ODOT has just released a statement from Director Kris Strickler following last week’s death of Sarah Pliner at on SE Powell Blvd (State Highway 26).
Here’s the full statement:
“Powell Boulevard (U.S. 26) was originally established and designed as a highway to move freight and people through Portland quickly and efficiently. Recent incidents on Powell, including a tragic death on Oct. 4, are evidence that this road cannot, and should not, function as a traditional highway anymore. It’s time to make changes to ensure the safety of all users.
I have directed our team to evaluate possible options to quickly transform Powell into a safer roadway.
Recognizing that travel speeds dramatically affect the likelihood and severity of crashes, last year we reduced the speed limit on Inner Powell to 30. We also built pedestrian islands and signalized crosswalks that help make the currently-designed road function more safely by making bicyclists and pedestrians more visible. But the truth is that the design of the facility is so focused on traffic movement that more changes are needed.
In recent years, we’ve slowed traffic speeds, added protected crosswalks, installed wider bike lanes, and reduced travel lanes on our urban highways in Portland. We’ve even transferred ownership of an ODOT road to local control. To keep our community safe, no change is off the table.
To connect Oregon communities and connect Oregon to the rest of the region and the world, ODOT spent the last century building highways. These highways are and will remain essential as they continue to carry millions of Oregonians and billions of dollars of commerce every day. Our communities, businesses, and state need freight access in order to continue to thrive, but we know that we can increase safety for all users and still serve the needs of our communities and our state.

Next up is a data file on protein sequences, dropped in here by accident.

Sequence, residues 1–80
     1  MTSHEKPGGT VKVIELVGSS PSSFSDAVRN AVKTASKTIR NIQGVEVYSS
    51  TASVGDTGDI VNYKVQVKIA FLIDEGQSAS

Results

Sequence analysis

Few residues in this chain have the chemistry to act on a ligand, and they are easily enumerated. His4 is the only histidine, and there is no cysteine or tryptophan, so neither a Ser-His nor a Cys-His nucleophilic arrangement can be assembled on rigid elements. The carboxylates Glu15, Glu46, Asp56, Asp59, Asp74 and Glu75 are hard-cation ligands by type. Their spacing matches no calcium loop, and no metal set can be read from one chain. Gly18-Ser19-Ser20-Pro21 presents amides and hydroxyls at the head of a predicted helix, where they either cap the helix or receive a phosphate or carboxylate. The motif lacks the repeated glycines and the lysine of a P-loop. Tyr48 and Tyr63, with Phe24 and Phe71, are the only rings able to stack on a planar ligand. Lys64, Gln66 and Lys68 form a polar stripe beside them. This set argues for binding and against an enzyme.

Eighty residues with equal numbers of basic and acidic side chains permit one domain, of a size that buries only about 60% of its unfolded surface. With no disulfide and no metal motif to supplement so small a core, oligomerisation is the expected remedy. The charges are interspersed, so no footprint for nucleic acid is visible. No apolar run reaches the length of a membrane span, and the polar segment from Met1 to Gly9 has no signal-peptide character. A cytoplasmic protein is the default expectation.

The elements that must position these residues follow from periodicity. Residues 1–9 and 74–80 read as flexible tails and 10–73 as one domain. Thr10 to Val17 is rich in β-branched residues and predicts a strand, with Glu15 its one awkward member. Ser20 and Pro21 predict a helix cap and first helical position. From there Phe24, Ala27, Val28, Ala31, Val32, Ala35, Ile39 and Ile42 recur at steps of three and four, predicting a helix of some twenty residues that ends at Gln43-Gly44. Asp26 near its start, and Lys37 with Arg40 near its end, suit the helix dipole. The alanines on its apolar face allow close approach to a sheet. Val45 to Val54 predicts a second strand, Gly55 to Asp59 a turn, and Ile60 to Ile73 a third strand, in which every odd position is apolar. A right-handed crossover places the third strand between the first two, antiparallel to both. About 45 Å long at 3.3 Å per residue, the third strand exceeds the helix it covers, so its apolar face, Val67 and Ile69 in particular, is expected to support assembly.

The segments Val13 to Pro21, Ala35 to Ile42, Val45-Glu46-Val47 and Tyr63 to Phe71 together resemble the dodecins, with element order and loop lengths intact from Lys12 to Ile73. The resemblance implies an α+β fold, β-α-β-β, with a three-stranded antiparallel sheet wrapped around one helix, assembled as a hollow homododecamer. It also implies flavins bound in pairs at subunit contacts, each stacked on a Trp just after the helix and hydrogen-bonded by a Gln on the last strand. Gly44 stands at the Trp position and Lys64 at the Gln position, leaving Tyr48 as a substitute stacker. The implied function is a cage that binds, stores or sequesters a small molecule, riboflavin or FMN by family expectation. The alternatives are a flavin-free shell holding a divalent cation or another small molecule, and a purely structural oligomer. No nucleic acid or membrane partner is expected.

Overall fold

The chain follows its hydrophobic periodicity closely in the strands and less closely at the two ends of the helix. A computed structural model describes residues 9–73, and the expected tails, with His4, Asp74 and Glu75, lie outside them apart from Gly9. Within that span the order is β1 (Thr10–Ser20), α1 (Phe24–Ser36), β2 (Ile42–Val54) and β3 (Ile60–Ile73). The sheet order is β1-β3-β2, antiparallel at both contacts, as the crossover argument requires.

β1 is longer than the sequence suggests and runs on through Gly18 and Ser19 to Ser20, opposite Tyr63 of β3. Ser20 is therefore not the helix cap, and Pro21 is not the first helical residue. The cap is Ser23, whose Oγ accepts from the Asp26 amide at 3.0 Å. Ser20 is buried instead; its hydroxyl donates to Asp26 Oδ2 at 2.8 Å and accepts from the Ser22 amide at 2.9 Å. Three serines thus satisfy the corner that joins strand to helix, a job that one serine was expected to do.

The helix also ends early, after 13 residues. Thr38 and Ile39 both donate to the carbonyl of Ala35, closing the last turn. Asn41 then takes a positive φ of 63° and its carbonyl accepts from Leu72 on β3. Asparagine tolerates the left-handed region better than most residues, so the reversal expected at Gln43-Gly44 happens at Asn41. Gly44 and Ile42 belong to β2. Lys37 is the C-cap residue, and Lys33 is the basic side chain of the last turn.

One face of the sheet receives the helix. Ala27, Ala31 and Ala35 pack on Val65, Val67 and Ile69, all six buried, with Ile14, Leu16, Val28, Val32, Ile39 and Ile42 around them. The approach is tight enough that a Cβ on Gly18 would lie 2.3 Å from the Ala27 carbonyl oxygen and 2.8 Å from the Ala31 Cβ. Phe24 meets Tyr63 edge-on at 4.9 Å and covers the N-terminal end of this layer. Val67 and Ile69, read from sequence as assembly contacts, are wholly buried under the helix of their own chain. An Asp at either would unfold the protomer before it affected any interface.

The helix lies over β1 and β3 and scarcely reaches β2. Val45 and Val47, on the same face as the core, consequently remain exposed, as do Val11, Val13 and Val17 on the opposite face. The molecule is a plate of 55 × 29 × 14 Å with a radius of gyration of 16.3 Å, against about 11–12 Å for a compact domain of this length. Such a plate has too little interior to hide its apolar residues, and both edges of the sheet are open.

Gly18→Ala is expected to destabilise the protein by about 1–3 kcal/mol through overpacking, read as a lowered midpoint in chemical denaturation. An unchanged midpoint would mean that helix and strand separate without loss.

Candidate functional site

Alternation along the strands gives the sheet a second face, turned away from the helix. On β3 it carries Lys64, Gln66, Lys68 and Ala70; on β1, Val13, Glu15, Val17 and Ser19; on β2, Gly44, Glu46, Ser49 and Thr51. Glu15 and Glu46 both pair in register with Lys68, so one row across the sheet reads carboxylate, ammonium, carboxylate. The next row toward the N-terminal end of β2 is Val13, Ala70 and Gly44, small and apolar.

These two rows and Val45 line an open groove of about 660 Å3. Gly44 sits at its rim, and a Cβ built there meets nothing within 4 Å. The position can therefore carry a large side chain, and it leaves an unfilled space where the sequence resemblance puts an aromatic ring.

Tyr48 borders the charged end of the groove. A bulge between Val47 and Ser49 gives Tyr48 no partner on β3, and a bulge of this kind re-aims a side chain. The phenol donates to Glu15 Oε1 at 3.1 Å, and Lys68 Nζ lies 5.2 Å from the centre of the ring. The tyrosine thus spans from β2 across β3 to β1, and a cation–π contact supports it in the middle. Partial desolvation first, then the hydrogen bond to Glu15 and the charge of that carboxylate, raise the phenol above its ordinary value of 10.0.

If changes result in slowing traffic down, I believe that is an acceptable tradeoff. My hope is that most people would make the same choice.
There will be a community forum on Oct. 20 at 6 p.m. at Cleveland High School. Representatives from the Portland Bureau of Transportation, ODOT, Portland Public Schools and TriMet will be there. I will be there as well. ODOT will be prepared to discuss ways we can make swift and meaningful changes to Powell Boulevard at this event. I encourage you to attend and bring your suggestions.”
Director of the Oregon Department of Transportation
This is an amazing statement for an ODOT director to make so soon after a collision like this. Especially since his own agency spokesperson said just last week that it was “premature” to blame ODOT for what happened. It makes me think ODOT is feeling very exposed in terms of their responsibility for what happened. After all, in 2018 the agency made an intentional choice to remove bicycle infrastructure from the exact corner where Sarah Pliner was hit and killed just a few days ago. Those changes made the intersection less safe for bicycle riders, while doing nothing to prevent bicycle riders from using the intersection.
This could be a golden opportunity to make substantive change on Powell Blvd. Or it could be a savvy PR move from ODOT to try and cover up a bad news cycle. Time will tell. Stay tuned for more coverage.